“In 2018 two celebrities, Kate Spade and Anthony Bourdain died by suicide in close succession. Several news articles described how selfish they were for taking their own lives. Journalists questioned how someone who was so successful and admired could do this. In reading these articles, I knew that the writers didn’t really understand depression. They didn’t get how it takes over your mind and distorts your thoughts. Depression convinces you that everyone around you would be better off if you were dead. You are a burden, a disappointment, and incapable of functioning. In addition, many people judge those with depression. If they would only exercise more, meditate, see a therapist, take their meds, and so on, they wouldn’t be depressed. But I did everything that was recommended. I exercised nearly every day. I meditated and saw a therapist regularly. I took my antidepressants. Still, I got depressed again. And I’m still struggling to accept the fact that it is not my fault.”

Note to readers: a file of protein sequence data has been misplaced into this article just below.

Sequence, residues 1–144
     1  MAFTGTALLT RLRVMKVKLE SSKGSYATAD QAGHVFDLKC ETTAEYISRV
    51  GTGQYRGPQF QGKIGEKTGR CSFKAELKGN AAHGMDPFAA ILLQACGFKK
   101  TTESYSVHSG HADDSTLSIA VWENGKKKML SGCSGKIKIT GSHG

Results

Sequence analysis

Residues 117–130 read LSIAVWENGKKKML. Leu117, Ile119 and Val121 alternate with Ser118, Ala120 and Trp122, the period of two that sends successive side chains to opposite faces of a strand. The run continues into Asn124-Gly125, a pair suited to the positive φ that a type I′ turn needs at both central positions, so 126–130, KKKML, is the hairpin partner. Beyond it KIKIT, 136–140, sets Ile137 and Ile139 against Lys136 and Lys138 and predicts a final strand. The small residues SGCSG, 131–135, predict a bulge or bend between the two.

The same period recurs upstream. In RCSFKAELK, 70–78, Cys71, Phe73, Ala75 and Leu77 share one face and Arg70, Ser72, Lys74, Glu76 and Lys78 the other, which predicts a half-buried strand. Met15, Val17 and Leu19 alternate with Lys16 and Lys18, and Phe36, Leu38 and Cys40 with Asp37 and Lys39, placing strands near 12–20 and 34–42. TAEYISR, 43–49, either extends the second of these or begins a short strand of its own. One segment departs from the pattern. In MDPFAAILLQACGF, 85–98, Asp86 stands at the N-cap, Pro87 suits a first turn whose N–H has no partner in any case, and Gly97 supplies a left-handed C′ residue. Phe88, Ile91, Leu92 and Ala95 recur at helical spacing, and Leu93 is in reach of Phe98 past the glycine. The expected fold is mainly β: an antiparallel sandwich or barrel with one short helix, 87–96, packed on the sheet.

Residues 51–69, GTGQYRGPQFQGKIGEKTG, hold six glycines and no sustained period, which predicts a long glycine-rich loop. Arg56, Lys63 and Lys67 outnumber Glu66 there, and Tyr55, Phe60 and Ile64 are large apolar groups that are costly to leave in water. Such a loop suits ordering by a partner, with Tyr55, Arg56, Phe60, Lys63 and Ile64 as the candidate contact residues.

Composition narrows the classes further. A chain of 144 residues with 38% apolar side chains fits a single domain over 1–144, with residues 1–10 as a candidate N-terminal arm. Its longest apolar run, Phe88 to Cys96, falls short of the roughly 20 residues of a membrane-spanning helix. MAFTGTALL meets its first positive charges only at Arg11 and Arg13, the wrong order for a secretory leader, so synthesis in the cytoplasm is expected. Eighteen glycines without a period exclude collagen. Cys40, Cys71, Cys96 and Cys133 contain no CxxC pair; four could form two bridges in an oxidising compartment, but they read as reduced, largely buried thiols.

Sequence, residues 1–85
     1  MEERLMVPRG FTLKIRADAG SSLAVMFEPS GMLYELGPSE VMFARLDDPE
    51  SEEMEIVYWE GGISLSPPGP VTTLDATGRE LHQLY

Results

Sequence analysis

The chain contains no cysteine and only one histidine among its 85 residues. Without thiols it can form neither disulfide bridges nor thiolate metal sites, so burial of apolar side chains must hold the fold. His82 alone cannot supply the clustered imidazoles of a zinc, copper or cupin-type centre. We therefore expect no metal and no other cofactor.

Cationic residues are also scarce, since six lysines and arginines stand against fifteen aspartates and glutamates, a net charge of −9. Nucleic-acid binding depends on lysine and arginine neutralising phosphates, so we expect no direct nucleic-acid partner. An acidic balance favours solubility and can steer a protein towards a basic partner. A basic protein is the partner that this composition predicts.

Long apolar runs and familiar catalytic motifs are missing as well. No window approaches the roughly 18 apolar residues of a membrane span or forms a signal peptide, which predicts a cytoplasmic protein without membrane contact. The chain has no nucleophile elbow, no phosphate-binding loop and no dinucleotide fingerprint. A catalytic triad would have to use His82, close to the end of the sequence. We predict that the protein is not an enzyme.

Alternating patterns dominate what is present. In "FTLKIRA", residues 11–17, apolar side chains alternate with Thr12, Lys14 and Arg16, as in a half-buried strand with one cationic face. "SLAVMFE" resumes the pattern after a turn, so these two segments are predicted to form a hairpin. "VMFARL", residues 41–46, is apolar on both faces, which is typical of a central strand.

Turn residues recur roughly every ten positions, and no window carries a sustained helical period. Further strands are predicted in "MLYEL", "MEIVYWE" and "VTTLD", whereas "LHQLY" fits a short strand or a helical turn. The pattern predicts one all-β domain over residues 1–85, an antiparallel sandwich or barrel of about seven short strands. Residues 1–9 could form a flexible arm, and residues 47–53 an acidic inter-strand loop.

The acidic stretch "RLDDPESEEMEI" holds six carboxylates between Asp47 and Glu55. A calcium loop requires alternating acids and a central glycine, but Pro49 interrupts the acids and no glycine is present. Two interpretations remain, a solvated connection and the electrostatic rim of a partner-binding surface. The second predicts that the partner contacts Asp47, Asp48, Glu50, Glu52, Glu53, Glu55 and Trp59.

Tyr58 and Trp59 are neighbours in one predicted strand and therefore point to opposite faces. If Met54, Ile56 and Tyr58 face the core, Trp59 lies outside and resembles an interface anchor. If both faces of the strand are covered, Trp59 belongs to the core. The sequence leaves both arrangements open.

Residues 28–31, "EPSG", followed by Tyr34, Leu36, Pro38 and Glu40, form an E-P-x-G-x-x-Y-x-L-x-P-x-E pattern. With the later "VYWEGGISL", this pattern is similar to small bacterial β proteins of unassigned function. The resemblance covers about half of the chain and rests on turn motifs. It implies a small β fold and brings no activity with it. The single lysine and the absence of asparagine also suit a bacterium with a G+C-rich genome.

“I’ve observed that many high-achieving people experience bouts of major depression, but we generally hide it from others. Our expectations for ourselves are high, and when we can no longer perform at such intense levels, depression convinces us that we are failures and worthless. So, in the wake of these deaths, I decided to speak out.“
“I share my own experience in the hope that I can help people better understand depression and—more important—give those living with depression hope that they can recover. I also aim to raise awareness of stigma and recovery surrounding mental health issues. As part of my efforts, I work as a network leader with the Stability Network, a growing movement of people living and working with mental health conditions. We share our stories to inspire others and change how people think about mental health. Our message is one of hope and recovery.“